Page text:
With the completion of my orchestral piece, “Out of Ashes,” last month and my submission of it to several competitions, I could finally exhale for the first time in weeks.
While you might think I’d be overjoyed at my work and celebrating everything I’d just accomplished, instead, the opposite was true: I found myself fighting post-composition depression.
For weeks, I’d poured my heart and soul into the project. I’d hardly slept. I’d barely left my room. I’d intently studied many orchestral scores and orchestration textbooks to gather ideas and learn new techniques. Continue reading “What Comes Down Must Go Up”→
After making it halfway through music school this semester and doing everything I came to Nashville to do, I’d worked myself into the ground. I’d run out of creativity, because I’d had to expend so much energy on trying to get through the semester. I could no longer write any music, no matter how much part of me still wanted to do it.
I’ve just finished my second year of Music School in college! This year, I’ve worked harder than I ever knew I could, and I feel very fortunate to have had the opportunities that have allowed me to do so.
In the last few months, much has happened that has made clear to me that I need to focus on being a composer. I can’t only do engineering. I’m certainly still recording, producing, and spending plenty of time in the studio (and plan to keep doing so because I still love it and need to record my compositions), but I’ve realized that, first and foremost, I’m a composer.
In the wake of an exhausting freshman year, unfortunately, until a few weeks ago, I had been struggling tremendously to compose anything at all. It wasn’t that I didn’t try—I tried harder than I knew I could. But the music wouldn’t come. I hated almost everything I did manage to write. On some level, I even began to hate composing itself because it took so much effort to even write things I didn’t like.
“Music students: as the semester grinds on you may feel intensely burnt-out. You may even consider dropping out of music altogether. If that happens, go back and listen to your favorite recordings, make music with your friends, do anything you can to remind yourself why you loved music before you started studying it. An education in music can be a very good thing, but it can also squeeze the life out of any love you ever had for it. Don’t let it.”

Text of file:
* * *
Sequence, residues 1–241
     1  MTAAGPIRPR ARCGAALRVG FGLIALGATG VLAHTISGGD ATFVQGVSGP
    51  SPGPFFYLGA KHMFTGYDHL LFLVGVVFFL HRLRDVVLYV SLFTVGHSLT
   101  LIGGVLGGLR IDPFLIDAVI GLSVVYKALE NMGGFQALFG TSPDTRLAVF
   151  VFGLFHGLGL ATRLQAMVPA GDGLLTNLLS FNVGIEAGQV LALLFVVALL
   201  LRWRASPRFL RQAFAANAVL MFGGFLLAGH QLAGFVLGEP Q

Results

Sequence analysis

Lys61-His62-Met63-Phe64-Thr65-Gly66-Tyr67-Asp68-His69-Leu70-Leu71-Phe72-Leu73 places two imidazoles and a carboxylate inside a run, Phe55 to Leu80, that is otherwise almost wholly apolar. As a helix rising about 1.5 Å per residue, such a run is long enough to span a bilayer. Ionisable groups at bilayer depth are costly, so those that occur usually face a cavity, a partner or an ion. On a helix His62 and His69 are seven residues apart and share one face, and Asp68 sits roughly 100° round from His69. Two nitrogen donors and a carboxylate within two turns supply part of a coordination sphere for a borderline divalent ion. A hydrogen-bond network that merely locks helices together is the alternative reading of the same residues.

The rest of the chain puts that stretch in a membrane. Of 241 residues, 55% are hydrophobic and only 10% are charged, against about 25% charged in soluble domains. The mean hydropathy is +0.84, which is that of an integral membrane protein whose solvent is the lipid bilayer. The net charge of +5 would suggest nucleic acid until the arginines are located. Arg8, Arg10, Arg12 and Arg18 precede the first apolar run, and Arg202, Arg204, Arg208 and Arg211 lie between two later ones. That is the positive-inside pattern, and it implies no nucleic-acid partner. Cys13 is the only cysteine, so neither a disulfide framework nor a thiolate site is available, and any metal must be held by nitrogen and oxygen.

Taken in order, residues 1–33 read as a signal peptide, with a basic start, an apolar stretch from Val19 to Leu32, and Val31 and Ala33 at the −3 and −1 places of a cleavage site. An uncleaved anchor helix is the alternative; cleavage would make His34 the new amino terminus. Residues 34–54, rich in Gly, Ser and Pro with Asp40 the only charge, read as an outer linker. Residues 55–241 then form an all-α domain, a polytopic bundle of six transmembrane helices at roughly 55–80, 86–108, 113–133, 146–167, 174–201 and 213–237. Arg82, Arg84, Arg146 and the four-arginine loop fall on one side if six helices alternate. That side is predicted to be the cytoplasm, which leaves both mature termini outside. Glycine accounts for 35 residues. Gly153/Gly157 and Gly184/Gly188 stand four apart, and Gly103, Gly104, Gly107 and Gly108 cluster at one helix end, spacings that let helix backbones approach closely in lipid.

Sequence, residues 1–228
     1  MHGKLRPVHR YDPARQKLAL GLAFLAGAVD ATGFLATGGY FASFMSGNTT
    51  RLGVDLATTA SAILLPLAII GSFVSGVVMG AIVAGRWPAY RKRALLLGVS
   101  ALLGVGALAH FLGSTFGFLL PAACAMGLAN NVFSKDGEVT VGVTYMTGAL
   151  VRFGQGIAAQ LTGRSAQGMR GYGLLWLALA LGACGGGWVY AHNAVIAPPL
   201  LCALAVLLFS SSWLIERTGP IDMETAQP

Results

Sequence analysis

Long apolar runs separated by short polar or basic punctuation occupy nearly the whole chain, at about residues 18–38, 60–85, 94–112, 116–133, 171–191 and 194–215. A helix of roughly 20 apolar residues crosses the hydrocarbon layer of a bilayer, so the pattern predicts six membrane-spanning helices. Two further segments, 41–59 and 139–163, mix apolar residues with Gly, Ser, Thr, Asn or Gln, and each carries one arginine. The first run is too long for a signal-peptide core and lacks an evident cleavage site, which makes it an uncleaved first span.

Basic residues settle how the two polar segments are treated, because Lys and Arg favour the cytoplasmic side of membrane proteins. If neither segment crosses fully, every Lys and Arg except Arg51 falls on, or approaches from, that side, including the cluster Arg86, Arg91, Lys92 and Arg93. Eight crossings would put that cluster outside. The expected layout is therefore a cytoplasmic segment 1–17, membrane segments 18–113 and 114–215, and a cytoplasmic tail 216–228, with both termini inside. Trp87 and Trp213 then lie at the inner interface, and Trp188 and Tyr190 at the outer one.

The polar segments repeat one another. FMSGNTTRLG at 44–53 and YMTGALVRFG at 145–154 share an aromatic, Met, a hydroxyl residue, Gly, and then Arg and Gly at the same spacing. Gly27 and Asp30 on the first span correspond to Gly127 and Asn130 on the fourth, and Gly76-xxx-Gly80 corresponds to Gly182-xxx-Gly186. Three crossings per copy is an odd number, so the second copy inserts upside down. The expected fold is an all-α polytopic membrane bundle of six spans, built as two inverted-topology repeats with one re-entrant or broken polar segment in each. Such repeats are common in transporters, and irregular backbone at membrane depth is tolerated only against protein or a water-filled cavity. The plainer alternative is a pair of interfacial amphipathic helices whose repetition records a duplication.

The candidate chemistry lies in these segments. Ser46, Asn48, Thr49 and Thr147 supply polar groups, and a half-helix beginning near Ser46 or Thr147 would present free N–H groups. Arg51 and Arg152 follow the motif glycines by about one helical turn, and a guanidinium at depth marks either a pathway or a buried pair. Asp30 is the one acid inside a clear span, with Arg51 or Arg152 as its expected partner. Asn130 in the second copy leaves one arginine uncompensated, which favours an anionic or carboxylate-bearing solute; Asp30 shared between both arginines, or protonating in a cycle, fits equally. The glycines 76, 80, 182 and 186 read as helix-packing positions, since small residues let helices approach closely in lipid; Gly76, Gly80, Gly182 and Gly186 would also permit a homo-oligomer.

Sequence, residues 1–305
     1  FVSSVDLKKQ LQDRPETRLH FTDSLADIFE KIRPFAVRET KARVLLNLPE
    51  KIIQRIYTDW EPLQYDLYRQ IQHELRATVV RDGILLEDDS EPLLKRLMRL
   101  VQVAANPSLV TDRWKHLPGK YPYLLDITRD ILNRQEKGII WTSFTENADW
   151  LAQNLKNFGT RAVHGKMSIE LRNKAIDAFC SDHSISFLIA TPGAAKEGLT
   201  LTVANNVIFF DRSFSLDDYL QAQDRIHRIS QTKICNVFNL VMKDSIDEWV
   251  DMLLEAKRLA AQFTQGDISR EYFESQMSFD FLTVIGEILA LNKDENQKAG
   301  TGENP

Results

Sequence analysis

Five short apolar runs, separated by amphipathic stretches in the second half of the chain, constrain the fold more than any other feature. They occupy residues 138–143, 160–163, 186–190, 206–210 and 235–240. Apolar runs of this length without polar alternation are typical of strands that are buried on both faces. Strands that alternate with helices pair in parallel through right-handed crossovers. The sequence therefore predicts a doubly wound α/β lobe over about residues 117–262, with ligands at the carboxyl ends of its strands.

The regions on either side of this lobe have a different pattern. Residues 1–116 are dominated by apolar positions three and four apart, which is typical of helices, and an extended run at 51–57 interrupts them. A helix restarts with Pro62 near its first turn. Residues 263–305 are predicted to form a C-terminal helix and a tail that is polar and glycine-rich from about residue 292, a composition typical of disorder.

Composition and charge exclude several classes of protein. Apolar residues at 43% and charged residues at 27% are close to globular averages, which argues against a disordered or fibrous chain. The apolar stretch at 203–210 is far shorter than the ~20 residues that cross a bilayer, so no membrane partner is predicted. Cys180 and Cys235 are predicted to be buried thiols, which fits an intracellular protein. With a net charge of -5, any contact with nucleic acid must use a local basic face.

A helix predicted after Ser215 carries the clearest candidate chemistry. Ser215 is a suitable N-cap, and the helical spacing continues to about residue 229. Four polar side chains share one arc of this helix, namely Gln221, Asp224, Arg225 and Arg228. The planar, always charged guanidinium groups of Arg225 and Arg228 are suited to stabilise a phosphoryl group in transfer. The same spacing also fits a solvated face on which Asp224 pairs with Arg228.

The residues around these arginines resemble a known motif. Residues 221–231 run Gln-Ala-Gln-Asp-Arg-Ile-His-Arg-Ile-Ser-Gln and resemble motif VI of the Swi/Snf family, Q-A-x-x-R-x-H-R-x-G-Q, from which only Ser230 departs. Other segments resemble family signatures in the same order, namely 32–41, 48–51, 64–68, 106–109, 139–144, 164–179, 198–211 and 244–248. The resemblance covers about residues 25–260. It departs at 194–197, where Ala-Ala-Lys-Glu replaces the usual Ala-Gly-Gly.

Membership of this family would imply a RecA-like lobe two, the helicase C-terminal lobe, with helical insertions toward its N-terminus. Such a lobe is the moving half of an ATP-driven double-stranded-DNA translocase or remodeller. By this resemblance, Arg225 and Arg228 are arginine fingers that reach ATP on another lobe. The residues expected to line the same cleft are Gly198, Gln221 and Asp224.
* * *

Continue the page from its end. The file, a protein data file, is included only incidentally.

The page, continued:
Recently, I came across this quote by Eric Whitacre from his blog, via Facebook. The timing couldn’t have been better.
I just released some new music! I’ve recorded a solo piano song called “To the Sky” written by an artist named Dirk Maassen. It’s a lovely piece, and if you enjoy my own piano compositions, then you’ll love Dirk’s music, too. Check out more of his work here. This is my recording:
It’s official… I’ve begun working on my second piano album! I plan to record most of it over the course of this summer, and I expect to release it in early spring of 2015—perhaps sooner or later depending on how many other projects I’m doing. I’m hoping to make it longer than Airborne—hopefully around 40 or 45 minutes. As of right now, I’ve completed two compositions with another almost done, bringing me to around twenty minutes of music.
I was hoping to come home from college with enough material completed to record another album right away. And I wanted to be more active on my blog throughout the past year, release singles, produce other artists, and play more gigs, but life happened…Continue reading “Why My Next Album Can’t Live up to the Past”→
Have you ever noticed that the word “composition” has “position” in it? It may be a coincidence, but recently, I found out that position is more than a part of the word—it’s a part of the process that can make all the difference.
Over the last few months, I’ve been having a dry spell in my composing. Even though I probably composed my usual amount of music last semester, I was beginning to get to a point where composing was just another thing on my homework to-do list. There was no enjoyment—just dread. It all came to a head last week, when I realized how miserable I was when I composed, and I started to wonder if I had lost the abilities and passion I’d had for composition before my album release.